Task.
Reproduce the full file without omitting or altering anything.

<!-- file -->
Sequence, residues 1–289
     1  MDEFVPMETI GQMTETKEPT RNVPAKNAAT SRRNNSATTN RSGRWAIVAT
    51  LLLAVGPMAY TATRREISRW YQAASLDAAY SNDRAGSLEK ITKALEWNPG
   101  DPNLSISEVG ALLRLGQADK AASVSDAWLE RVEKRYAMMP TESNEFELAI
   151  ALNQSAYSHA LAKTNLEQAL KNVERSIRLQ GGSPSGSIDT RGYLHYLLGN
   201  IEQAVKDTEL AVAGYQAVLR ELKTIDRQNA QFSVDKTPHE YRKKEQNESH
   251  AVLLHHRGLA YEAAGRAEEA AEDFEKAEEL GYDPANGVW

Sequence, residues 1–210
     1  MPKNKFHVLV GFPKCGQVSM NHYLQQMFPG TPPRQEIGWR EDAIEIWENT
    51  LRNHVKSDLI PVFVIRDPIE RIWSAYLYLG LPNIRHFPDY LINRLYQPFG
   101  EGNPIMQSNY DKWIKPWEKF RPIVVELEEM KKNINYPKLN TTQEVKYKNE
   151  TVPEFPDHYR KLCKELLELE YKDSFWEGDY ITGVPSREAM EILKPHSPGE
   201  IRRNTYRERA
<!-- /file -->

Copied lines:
Sequence, residues 1–289
     1  MDEFVPMETI GQMTETKEPT RNVPAKNAAT SRRNNSATTN RSGRWAIVAT
    51  LLLAVGPMAY TATRREISRW YQAASLDAAY SNDRAGSLEK ITKALEWNPG
   101  DPNLSISEVG ALLRLGQADK AASVSDAWLE RVEKRYAMMP TESNEFELAI
   151  ALNQSAYSHA LAKTNLEQAL KNVERSIRLQ GGSPSGSIDT RGYLHYLLGN
   201  IEQAVKDTEL AVAGYQAVLR ELKTIDRQNA QFSVDKTPHE YRKKEQNESH
   251  AVLLHHRGLA YEAAGRAEEA AEDFEKAEEL GYDPANGVW

Sequence, residues 1–210
     1  MPKNKFHVLV GFPKCGQVSM NHYLQQMFPG TPPRQEIGWR EDAIEIWENT
    51  LRNHVKSDLI PVFVIRDPIE RIWSAYLYLG LPNIRHFPDY LINRLYQPFG
   101  EGNPIMQSNY DKWIKPWEKF RPIVVELEEM KKNINYPKLN TTQEVKYKNE
   151  TVPEFPDHYR KLCKELLELE YKDSFWEGDY ITGVPSREAM EILKPHSPGE
   201  IRRNTYRERA